To get hired by the company of your dreams, whether it’s a technology firm or the IT division of a larger organization, you’ll probably be assessed against the T-Shaped model. So, it’s essential to understand the methodology and learn how to showcase yourself as a strong candidate.
What Is A T-Shaped Employee?
When Tech One IT looks to hire technology employees for the Technology Apprenticeship Program (TAP), we consider their knowledge, experience, education, and skillsets. We also get to know the applicant by asking questions that pertain to drive, character, and values. Placing the characteristics on top of the skills makes the T-Shaped methodology.
Once we have assessed the skills to be sure that the applicant can complete the tasks necessary for TAP, we dive much deeper into the applicant’s character. We list values (like humility, bravery, and passion) and consider the following questions (and more):
- • Is this person willing to learn? (humility)
- • Does this person have the ability to lead a team? (open-mindedness, entrepreneurial)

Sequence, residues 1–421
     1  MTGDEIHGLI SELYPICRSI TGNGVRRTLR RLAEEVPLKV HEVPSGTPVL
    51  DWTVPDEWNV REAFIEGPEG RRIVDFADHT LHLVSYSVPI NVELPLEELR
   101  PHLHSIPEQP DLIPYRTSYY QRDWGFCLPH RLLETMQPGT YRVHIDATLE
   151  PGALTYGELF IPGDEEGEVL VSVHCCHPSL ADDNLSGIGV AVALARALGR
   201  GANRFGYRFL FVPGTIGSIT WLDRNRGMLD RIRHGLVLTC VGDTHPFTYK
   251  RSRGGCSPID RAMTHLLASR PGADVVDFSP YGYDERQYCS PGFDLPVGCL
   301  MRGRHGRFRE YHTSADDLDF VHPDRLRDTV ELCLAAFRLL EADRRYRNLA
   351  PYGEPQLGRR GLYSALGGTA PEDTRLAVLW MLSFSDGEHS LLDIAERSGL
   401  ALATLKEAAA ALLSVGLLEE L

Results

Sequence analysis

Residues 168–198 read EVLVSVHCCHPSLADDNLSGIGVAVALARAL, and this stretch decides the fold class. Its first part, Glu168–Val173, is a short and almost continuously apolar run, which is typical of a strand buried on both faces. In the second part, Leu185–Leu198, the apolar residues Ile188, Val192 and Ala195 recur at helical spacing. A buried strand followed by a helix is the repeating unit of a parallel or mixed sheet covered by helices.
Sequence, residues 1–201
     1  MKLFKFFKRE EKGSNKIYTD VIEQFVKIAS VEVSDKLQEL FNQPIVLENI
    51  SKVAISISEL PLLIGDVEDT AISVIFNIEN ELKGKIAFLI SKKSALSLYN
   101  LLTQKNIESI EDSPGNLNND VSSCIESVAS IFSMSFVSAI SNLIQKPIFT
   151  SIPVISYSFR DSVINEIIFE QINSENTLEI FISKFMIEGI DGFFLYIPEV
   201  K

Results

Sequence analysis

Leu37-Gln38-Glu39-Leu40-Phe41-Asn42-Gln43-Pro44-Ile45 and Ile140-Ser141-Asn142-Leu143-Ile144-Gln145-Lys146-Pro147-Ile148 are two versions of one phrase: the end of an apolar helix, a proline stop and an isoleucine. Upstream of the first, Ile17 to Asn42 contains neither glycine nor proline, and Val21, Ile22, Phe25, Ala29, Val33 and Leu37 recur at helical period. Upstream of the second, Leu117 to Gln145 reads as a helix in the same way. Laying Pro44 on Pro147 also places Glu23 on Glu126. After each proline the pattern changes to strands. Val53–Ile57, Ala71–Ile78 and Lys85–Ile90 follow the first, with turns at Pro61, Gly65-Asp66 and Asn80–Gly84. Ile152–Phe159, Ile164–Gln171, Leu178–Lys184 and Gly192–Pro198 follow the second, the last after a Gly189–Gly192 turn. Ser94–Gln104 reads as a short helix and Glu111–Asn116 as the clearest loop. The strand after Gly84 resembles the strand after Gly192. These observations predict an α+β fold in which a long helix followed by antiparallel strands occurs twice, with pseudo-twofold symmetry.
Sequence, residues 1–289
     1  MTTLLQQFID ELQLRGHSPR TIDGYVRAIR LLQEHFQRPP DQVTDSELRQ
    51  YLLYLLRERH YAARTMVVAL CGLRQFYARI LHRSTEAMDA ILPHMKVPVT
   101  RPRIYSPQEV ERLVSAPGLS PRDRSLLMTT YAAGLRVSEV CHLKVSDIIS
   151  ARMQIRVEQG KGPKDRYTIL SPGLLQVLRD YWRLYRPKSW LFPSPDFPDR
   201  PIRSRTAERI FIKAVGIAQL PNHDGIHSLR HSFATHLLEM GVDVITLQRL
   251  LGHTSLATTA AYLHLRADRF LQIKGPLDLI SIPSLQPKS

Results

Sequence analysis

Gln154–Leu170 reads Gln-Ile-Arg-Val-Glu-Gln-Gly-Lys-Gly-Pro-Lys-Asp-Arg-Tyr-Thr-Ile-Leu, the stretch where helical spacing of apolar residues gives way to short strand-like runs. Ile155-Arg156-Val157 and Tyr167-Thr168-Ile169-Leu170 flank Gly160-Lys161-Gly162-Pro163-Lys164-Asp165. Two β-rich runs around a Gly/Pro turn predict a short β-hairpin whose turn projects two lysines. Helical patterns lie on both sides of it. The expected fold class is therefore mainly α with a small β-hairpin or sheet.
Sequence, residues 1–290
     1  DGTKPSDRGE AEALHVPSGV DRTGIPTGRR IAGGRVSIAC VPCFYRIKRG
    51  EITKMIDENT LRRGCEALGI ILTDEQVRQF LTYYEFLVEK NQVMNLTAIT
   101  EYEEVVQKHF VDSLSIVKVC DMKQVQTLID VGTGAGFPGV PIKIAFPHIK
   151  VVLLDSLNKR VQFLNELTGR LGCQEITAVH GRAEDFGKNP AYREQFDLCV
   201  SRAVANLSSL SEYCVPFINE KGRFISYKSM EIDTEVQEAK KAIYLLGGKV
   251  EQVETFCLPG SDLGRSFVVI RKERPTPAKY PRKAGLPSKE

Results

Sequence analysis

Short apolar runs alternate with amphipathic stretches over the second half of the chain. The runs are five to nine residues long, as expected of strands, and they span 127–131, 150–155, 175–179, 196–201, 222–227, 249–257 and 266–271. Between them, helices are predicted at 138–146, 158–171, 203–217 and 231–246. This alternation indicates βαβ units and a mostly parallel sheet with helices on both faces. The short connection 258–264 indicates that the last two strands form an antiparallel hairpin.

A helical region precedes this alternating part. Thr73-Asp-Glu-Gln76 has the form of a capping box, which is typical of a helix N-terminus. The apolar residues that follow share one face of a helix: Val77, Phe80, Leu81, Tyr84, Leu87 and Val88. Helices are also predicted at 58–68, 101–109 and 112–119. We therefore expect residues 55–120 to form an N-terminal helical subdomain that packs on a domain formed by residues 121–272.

- • Will the attention required by this person outweigh their production? In other words, will they take more from the team than they give? (resourcefulness)
- • Is this person a good representative for our company? (social awareness, empathy)
- • Will this person fit in with the team and the workplace? (adaptable)
Depending on the client that is requesting the apprenticeship program, we may have other questions.
The T-Shaped employee will have the skillset to complete the tasks, but more importantly, they will have the values that make them a good team member.
How Do You Market Yourself As A T-Shaped Employee?
At Tech One IT, we know the essential character traits are those mentioned in the list above. As you consider the job for which you are applying, be sure to indicate past experiences that show those values.
If you know you are working in an apprenticeship team, you’ll need to work within a diverse group. It would be beneficial to show that you can lead but are also a good listener, an empathetic character, and not afraid to speak up with ideas.
If you know you will work remotely, you’ll need to build trust with your manager, and you’ll need to understand the difference between urgent and important, and important, but not urgent. You’ll need to learn when to check-in and how to be resourceful enough to work alone. Bothering your manager with minor questions is terrible, but shining a light on a possible issue might be urgent.
The T-shaped employee is ideal for TAP, and we have had great success integrating our apprentices into some of the nation’s largest companies by following this methodology.
If you’re interested in learning more about TAP, click through to see how it works: Technology Apprenticeship Program